Will security-conscious schools elect to opt out as polling places?

 
 
Posted3/27/2018 5:30 AM
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  • County clerks, election commissions and school officials in the suburbs say rising concerns about school security are likely to change, but not eliminate, the traditional role of schools as polling places on Election Day.

    County clerks, election commissions and school officials in the suburbs say rising concerns about school security are likely to change, but not eliminate, the traditional role of schools as polling places on Election Day. Daily Herald file photo, 2007

Schools have long been popular choices for polling places in their communities for a variety of reasons, including their size, visible locations, adequate parking and accessibility for the disabled.

But will a rising emphasis on school security end the traditional role the neighborhood institutions play on Election Day?

The current climate after a mass shooting in Florida and numerous threats against suburban schools likely will cause some changes but probably not end schools' role in elections, county clerks and election commissions say.

Officials at the Cook County clerk's office say they couldn't run an election without schools -- their compliance with the requirements of the Americans With Disabilities Act being a key reason. For many precincts, there aren't viable alternatives.

Schools make up 60 percent of polling places in Cook County. In the suburban parts of the county, 37 percent of polling places are at schools.

But there and in the collar counties, there's a sensitivity to concerns about safety and security that keeps officials open to alternatives.

The use of schools as polling places in DuPage County has dropped dramatically in the past 14 years, from 200 in 2004 to about 120 in 2008, and just 37 in the March 20 primary. The changes came in response to the public's school safety concerns, said Joseph H. Sobecki, executive director of the DuPage County Election Commission.

"For each polling location, the election commission seeks to use a room with outside access and parking, separate from the main school and entrance," Sobecki added.

Lake County Clerk Carla Wyckoff said several polling places have been moved from schools in recent years, but 14 remain at schools. Having to come up with alternatives for those 14 sites would be a hardship, she added.

In cases where schools have remained the only option for a polling place, election officials in Lake, Cook and DuPage counties have recommended the schools schedule a holiday or institute day.

Back in 2001, the DuPage Election Commission even sought legislation to require it, but the measure failed due to strong opposition from school leaders, Sobecki said.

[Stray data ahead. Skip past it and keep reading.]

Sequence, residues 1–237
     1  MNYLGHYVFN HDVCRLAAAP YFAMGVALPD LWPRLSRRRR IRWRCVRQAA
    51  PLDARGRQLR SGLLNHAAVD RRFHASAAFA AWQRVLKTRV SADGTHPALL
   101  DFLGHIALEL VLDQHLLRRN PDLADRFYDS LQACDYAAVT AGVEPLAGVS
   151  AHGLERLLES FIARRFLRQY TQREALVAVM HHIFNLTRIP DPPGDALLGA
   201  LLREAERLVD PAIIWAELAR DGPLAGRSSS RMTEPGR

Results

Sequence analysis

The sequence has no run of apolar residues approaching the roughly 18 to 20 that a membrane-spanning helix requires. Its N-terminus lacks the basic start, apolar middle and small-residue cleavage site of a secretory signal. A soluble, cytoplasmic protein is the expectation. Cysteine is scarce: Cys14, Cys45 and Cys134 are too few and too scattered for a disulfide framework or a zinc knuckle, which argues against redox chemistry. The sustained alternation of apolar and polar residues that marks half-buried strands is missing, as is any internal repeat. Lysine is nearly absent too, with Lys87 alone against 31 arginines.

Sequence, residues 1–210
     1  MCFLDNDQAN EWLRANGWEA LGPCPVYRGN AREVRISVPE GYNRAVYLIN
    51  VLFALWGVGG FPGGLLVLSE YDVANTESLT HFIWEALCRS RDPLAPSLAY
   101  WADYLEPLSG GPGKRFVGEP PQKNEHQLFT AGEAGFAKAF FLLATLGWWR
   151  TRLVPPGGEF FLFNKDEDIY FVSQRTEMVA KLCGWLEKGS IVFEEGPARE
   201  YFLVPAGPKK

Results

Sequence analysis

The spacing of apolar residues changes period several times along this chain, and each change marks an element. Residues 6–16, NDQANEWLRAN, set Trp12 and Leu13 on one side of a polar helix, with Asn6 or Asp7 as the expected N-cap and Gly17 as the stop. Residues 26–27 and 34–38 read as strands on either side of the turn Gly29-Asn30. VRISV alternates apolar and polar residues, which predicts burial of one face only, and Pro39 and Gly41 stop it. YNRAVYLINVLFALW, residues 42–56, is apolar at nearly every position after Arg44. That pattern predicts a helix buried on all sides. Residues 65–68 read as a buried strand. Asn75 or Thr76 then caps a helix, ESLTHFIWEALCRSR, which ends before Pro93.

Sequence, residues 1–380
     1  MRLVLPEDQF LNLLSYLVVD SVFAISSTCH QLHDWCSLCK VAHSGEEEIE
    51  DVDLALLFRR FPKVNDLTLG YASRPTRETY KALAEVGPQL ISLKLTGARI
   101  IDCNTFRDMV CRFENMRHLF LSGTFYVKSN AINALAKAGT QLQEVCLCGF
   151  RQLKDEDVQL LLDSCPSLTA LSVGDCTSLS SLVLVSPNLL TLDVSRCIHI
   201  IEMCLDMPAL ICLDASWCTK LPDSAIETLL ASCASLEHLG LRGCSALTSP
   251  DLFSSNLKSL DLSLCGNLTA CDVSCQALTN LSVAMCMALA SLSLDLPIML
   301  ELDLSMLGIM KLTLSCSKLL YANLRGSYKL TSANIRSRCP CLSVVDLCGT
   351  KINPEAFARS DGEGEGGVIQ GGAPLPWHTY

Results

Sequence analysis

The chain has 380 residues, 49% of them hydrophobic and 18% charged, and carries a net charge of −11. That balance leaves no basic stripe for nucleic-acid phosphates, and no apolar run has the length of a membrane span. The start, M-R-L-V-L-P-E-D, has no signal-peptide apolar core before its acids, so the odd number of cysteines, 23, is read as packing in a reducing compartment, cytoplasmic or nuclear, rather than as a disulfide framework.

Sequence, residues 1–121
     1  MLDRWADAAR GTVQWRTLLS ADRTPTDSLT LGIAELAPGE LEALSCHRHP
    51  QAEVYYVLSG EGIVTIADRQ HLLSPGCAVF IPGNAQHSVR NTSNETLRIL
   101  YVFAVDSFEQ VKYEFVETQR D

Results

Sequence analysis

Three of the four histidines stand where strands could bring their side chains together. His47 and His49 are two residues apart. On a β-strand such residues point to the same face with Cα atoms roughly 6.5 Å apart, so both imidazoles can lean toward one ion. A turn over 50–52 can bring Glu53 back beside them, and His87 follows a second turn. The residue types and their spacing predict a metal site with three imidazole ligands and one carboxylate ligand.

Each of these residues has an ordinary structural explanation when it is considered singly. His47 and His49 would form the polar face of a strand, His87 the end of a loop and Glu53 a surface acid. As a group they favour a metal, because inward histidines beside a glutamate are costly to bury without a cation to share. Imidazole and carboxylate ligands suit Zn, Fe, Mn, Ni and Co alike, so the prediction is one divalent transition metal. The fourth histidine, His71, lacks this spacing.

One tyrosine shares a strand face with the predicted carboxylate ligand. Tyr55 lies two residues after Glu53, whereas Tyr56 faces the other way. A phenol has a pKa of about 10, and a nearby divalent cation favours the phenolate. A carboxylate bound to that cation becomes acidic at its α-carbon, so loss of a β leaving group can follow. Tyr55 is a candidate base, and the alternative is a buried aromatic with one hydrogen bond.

But some suburban schools take the day off anyway. For last week's primary, Wheeling Township Elementary District 21 held an institute day as it has for elections since the 2014-15 school year, while Schaumburg Township Elementary District 54 made it a holiday for students and staff.

District 54 spokeswoman Terri McHugh said polling places require that voters be allowed to enter through an unlocked door, while district policy bans unlocked doors on attendance days.

Palatine Township Elementary District 15 and Palatine-Schaumburg High School District 211 were among the districts that held classes last Tuesday as schools were used as polling places. The districts isolated the areas used as polling places from the rest of the schools.

While election judges are in charge of the integrity of the polling places, school district staff members watch that the division from the rest of the school stays secure, officials said.

District 15 spokeswoman Morgan Delack said the district's junior highs already have police working as school resource officers who are likely more vigilant of the polling area on Election Day.

District 15 traditionally has scheduled days off for presidential elections due to the greater volume of voters. No such day off has been scheduled for the gubernatorial election in November, but it's not too late for the school board to set one if members believe it would be beneficial, Delack added.

District 211 spokesman Tom Petersen said the district is proud its schools serve as centers for their respective communities and are happy to fulfill its civic duty by providing polling places. Historically, 18-year-old students at the participating schools have been able to learn about the democratic process firsthand by serving as election judges, he added.

Nevertheless, given the changing climate, the district would be open to any discussion with the Cook County clerk's office to identify alternative sites, Petersen said.

"This is a different time and a different era," he added.

• Daily Herald staff writers Robert Sanchez and Lee Filas contributed to this report.

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